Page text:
Article by Marcia Darnell
Theatre – June 2006 – Colorado Central Magazine
THE CREEDE REPERTORY THEATRE has a flock of new shows and a herd of new seats for its patrons in this, its 41st season. A recent donation of cushier theater seats means comfier sitting while taking in some of the best entertainment in the Rockies.
Creede Repertory Theatre was built in the 1930s, as a movie house. It later became a melodrama house, then closed until its rebirth as a repertory theater. The main stage offers 243 seats and the upstairs “black box” theater has seating for 88.
The season will open on June 2 with “Crazy for You.” Based on “Girl Crazy,” by Ken Ludwig, it’s set in Deadwood, Nev., and is a classic boy-meets-girl story replete with Gershwin music, tap dance, and a large cast.
“It’s a much bigger show than we usually do,” said Maurice LaMee, CRT’s creative director. “It’s a great family show.”
The show features the numbers “Someone to Watch Over Me” and “They Can’t Take That Away from Me,” among others.
Next up is a play with local color, “The Man Who Shot the Man Who Shot Jesse James,” opening June 16. An unusual creation by 10 writers and actors about 25 years ago, the play is set at the Creede Exchange, which was a saloon and bordello in Old-West days. The title character is Bob Ford, who became a national celebrity after killing James.
“The play is about his death and speculation about whether he killed Jesse James,” LaMee said. “That mystery is expounded on in this show.”
LaMee will direct “Enchanted April,” which opens June 30. Written by Matthew Barber, it’s about four Englishwomen of a certain age just after World War I. Seeking adventure before it’s too late, they go to Italy, find love, and change their lives.
“It’s a lovely book, character-driven,” LaMee said. “It’s poetic, lyric, and impressionistic.”
Next the cast will tackle “Sweeney Todd,” opening July 28. The hit story of a murdering London barber and cannibal features some of Stephen Sondheim’s best music.
“It’s a story of revenge and blood lust,” LaMee said. “A bold story.”
The star of the production comes from Broadway; Patrick Ryan Sullivan has starred in “42nd Street” and “Beauty and the Beast” on the Great White Way.
“It’s a challenge for us to put this together,” LaMee said, “and it should be an astounding production. We’re really excited,”
“Cowboyily,” will be a two-person play in the “black box” theater upstairs at CRT. Written by Steven Cole Hughes, who penned last year’s “Slabtown,” it’s about a Chicago playwright on a bus in Denver who makes assumptions about the driver based on his cowboy attire. After the bus crashes, the writer and driver develop a tortured relationship over several months.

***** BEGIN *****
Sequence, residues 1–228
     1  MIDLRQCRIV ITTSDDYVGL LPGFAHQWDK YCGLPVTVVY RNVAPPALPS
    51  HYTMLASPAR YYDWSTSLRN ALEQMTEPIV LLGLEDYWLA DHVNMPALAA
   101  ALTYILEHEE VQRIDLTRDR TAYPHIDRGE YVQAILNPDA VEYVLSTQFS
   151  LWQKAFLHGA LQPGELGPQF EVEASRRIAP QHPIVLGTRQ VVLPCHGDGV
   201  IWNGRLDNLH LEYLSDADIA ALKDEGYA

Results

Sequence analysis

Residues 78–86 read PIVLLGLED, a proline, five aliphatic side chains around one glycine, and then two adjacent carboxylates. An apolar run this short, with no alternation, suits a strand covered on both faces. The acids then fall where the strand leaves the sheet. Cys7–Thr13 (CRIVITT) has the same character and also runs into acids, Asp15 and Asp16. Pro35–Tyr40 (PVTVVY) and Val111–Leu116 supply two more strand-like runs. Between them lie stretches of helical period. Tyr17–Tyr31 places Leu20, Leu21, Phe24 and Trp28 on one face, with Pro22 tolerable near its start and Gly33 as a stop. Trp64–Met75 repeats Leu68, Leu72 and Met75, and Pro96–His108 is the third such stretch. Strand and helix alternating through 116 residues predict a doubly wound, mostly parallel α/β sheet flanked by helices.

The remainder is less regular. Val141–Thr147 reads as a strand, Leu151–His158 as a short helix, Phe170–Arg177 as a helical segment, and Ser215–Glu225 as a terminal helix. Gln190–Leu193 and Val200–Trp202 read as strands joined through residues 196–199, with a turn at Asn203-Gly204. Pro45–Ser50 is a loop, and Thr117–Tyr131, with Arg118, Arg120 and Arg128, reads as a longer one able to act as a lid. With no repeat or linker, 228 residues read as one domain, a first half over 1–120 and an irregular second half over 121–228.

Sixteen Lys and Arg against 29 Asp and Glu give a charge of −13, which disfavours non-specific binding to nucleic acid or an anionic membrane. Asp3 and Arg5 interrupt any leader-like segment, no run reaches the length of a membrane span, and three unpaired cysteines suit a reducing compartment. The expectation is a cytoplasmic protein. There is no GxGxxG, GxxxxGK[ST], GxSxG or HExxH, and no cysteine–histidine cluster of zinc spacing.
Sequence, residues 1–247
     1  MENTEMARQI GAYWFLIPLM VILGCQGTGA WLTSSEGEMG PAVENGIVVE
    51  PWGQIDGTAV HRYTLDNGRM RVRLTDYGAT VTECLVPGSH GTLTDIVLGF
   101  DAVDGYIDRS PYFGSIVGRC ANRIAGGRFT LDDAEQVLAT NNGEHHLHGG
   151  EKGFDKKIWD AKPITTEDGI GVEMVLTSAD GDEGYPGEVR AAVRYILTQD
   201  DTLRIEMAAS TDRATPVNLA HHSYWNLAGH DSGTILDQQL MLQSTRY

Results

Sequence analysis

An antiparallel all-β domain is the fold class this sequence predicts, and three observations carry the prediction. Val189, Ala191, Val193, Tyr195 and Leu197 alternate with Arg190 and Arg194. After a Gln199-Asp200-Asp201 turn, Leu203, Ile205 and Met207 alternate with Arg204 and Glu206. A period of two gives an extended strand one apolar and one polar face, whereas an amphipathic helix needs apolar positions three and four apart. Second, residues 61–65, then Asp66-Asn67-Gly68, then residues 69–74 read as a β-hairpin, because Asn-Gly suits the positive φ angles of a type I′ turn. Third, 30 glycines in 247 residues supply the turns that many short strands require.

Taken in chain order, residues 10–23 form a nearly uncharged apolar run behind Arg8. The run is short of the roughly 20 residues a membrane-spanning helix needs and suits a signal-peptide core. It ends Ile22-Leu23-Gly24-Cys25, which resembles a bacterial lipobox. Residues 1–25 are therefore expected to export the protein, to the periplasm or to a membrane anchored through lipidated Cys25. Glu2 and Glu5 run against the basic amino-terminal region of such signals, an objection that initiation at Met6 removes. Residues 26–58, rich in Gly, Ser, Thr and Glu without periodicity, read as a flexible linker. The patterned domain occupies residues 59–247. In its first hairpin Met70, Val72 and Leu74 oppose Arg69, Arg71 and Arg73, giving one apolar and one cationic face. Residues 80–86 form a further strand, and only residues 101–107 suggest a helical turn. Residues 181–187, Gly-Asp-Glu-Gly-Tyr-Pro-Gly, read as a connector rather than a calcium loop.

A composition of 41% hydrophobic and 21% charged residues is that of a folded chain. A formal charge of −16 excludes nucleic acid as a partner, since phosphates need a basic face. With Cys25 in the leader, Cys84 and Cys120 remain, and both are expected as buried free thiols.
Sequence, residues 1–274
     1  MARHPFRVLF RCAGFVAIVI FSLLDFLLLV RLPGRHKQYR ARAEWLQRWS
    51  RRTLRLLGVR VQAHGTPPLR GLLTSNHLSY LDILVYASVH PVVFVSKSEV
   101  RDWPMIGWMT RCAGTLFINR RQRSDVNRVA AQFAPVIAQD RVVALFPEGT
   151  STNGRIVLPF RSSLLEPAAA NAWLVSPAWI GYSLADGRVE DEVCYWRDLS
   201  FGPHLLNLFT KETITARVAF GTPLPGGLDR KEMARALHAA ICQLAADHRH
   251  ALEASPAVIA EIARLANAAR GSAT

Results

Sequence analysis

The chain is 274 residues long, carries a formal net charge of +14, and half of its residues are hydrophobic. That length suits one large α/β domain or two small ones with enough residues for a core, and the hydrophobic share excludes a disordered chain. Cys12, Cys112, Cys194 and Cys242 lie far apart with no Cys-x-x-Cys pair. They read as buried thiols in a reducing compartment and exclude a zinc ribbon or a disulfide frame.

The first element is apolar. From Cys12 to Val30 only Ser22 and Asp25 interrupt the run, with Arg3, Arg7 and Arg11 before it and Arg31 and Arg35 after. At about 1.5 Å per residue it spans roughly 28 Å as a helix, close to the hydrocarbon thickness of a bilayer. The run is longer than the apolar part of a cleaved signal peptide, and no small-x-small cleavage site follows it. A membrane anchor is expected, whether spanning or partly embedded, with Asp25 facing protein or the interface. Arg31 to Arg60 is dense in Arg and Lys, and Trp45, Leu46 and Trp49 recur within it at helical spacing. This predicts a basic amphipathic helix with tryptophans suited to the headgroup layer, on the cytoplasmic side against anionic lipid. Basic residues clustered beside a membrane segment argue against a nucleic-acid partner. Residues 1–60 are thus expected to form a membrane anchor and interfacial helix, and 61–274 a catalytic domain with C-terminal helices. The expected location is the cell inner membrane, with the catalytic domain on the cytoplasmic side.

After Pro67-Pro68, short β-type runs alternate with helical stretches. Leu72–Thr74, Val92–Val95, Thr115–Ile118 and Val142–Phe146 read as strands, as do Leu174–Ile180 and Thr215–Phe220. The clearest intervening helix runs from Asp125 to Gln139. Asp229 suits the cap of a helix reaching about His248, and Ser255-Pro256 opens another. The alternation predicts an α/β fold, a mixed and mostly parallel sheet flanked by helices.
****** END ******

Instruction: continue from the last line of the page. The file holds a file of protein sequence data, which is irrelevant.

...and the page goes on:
“It’s a play of ideas,” said LaMee. “It’s about two very different worlds colliding with each other.”
The last production of the regular season will be “Snake in the Grass,” by Alan Ayckbourn, opening Sept. 1. It’s a psychological thriller about two sisters, one of whom nursed their father for years before his death, and the other who returns home for his funeral and wonders if he was murdered. LaMee calls it a “fun, scary ride.”
FAVORITE ACTORS RETURNING to Creede this season include Peggy Pharr Wilson, Christie Brandt, John Gary Brown, and Diana Dresser, for her 10th season. LaMee’s wife, Trary Maddalone, will also be back after a guest stint on the TV drama, “Criminal Minds.”
The Outreach Tour of CRT will run from early September into November and will present “Two Doughnuts” to schools in Colorado and the Four Corners region. The children’s play is about a boy who lives in the barrio with his grandmother, who cares deeply for her little plot of land. When she dies, the boy goes on a magical journey and learns how to appreciate living, beautiful things. The production involves abstractions, surrealism, and puppets.
“It’s a smart play for kids that doesn’t condescend,” said LaMee.
Another production for children will be the local kids’ show, “Amelia’s Tree,” in June and July. Local young talent will spend the summer learning how to stage and produce a play, then actually do it.
As always, CRT will offer many other forms of entertainment during the season, including art shows, benefits, and concerts. Special offerings include the Opening Night Dinner, featuring the chef from the 4UR Ranch, and the annual Dessert Auction.
There will be an educational talk on the Gershwin brothers throughout the season, and CRT will offer a walking tour of Bob Ford’s stomping grounds in Creede.
For dates, times, and admission charges, check www.creederep.org, or call 719/658-2540. Tickets for plays will run $15 to $25 and the facility is wheelchair accessible.
Marcia Darnell sees at least one CRT production a year. She’d see more if Ed would give her a pay raise.